The UK's police forces are going to be audited see if they're running pirated or unlicensed software. This is because at least one force has been caught running counterfeit copies of MS Office. The Association of Chief Police Officers (ACPO) is to audit a sample of police IT equipment to see how widespread the problem is. The move was announced in parliament by junior Home Office minister Lord Bassam, reports Reuters. Hampshire Constabulary was caught using counterfeit copies of Microsoft Office Pro 97 at the end of October. Officers from the City of London arrested four men in connection with the crime at the time. Three of whom worked for Protocol Solutions, the integrators who set up the Hampshire force's IT system, and the fourth man was an ex-employee of Protocol. One of the men arrested was a former superintendent of Hampshire. All four were released without charge. The police also raided Protocol's offices in Fareham. Officers of the City of London police force are still investigating the case. Protocol declined an invitation to chat with The Register about the situation. ® Related Stories Hampshire cops caught using counterfeit MS software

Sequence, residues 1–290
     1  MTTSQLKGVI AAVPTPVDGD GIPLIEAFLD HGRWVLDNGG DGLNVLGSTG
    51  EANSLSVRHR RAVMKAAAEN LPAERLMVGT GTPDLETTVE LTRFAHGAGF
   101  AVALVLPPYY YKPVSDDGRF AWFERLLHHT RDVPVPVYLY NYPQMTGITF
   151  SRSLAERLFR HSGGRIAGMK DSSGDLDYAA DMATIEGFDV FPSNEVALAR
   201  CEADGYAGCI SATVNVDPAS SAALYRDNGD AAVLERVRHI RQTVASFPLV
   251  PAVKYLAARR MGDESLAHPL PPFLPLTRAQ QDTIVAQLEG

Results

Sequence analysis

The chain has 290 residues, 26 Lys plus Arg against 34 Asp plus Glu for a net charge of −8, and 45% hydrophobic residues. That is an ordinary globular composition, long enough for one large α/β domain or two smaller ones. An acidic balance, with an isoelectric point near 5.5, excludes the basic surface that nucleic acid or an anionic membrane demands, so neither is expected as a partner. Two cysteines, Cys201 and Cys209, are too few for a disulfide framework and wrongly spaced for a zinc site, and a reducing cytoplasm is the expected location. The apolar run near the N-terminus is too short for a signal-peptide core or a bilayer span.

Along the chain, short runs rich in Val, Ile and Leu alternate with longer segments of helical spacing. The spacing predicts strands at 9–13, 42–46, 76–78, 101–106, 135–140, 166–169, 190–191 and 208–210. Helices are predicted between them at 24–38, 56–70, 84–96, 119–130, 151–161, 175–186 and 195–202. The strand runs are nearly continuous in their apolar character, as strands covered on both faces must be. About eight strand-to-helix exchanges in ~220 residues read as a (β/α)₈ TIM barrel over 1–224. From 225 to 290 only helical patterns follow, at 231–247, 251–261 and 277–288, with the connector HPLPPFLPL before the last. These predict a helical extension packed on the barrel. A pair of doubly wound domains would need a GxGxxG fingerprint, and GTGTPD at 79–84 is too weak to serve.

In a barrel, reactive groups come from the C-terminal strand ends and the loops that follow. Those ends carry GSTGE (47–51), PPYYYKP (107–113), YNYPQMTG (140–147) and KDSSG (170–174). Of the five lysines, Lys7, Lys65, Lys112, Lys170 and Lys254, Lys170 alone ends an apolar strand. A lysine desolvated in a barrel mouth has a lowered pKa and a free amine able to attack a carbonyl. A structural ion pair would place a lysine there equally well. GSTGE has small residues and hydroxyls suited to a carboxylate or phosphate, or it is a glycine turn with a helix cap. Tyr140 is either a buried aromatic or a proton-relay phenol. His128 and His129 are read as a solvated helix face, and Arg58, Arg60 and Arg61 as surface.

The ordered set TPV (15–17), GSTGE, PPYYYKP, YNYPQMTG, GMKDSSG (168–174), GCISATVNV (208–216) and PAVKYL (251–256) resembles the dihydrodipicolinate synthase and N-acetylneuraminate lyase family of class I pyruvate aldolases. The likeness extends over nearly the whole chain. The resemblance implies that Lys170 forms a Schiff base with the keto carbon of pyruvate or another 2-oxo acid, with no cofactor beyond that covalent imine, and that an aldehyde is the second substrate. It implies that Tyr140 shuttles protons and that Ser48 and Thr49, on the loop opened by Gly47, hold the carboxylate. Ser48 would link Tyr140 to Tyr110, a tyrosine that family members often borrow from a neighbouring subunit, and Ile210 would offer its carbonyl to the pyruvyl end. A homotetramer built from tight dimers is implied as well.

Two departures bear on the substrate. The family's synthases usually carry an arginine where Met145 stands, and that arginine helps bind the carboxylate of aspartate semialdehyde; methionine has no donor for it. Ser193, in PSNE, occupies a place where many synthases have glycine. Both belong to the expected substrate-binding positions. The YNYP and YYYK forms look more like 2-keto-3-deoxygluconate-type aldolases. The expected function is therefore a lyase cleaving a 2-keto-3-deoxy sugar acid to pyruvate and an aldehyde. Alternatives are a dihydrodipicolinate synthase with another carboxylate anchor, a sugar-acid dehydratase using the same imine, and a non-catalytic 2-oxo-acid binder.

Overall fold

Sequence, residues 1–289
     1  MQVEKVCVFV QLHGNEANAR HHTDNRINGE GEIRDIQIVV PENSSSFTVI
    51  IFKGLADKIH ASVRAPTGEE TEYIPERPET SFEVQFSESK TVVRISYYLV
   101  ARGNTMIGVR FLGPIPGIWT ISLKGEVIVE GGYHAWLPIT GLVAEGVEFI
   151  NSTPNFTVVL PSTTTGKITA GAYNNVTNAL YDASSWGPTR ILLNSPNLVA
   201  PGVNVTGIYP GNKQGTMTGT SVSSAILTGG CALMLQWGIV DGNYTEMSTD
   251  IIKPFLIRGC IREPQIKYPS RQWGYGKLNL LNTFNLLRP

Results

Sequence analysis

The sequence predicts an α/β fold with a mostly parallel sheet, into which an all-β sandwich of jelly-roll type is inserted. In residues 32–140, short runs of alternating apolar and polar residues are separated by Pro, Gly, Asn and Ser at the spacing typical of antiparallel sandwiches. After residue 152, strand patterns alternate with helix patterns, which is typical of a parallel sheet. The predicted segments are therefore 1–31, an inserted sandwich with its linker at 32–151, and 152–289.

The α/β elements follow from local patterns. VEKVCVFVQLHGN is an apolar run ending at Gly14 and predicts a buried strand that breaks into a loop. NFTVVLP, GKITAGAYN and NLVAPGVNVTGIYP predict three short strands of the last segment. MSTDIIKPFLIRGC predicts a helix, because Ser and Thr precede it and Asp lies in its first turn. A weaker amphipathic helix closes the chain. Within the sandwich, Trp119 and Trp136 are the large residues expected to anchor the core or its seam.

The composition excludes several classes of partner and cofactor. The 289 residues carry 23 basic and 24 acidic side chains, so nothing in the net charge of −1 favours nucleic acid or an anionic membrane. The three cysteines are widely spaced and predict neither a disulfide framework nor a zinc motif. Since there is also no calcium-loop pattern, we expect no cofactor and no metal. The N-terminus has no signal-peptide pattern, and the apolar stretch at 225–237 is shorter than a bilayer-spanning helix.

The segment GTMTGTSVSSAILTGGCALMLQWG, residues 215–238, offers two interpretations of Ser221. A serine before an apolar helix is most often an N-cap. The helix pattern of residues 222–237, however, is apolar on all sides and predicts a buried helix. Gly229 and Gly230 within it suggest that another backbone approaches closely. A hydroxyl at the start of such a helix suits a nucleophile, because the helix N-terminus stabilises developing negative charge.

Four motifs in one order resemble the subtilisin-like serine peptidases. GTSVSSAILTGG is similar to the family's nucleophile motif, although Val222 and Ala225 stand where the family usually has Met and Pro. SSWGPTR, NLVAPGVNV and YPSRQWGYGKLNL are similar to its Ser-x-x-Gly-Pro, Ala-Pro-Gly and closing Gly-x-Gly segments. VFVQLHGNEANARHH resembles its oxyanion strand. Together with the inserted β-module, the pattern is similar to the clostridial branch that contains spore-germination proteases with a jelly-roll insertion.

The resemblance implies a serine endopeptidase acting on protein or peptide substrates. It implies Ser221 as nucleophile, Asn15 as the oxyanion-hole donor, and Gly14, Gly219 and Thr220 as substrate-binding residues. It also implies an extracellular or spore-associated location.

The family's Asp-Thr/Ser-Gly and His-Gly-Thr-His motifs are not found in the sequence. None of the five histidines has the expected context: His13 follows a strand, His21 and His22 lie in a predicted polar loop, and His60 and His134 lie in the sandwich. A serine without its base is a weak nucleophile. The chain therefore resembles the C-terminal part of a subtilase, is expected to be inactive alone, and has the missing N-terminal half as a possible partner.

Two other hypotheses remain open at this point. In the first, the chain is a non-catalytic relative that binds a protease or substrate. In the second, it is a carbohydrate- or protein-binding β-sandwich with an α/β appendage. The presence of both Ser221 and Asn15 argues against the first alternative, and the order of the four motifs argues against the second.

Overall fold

Apple's next PowerBook release, codenamed Mercury, will ship with an Nvidia graphics system and not a part from the company's long-time graphics partner, ATI. That at least is what Apple sources have told Go2Mac.com. Nvidia first touted Mac compatibility when it announced its GeForce 2 MX processor last summer. Nvidia's VP of strategic marketing, Oliver Baltuch, said work had been done to "make that market [ie. the Mac] available to us". And one of Baltuch's colleagues, when pushed about potential partners - since Nvidia only supplies chips to board vendors and PC makers - let slip: "Apple of course." When asked for more details, we were told to await "a future announcement". Then ATI made the unfortunate mistake of pre-announcing Apple's Power Mac Cube weeks before its official launch, allegedly provoking CEO Steve Jobs' wrath. That may well have tempted Jobs to seek out an alternative graphics chip supplier, but more likely it's the GeForce 2's superior performance that prompted the change. Whatever, Mercury - the first PowerBook to contain the PowerPC 7400 processor, aka G4 - is set to include a GeForce 2, most likely the mobile-oriented GeForce 2 Go. Go2Mac's source notes that the final spec. has yet to be set, tough 16MB of VRAM looks a likely possibility. The GeForce 2 Go can churn out 17 million polygons per second and 286 million pixels per second. It also supports DVD decoding and playback, AGP 4x fast write mode, and Nvidia's multi-screen TwinView display mechanism, allowing, say, a notebook to use its own display and drive an OHP screen or a regular CRT monitor. ® Related Link Go2Mac.com's story Related Stories Nvidia unveils mobile GeForce 2 Go Nvidia to grab market control from ATI Nvidia confirms Mac support with GeForce 2 MX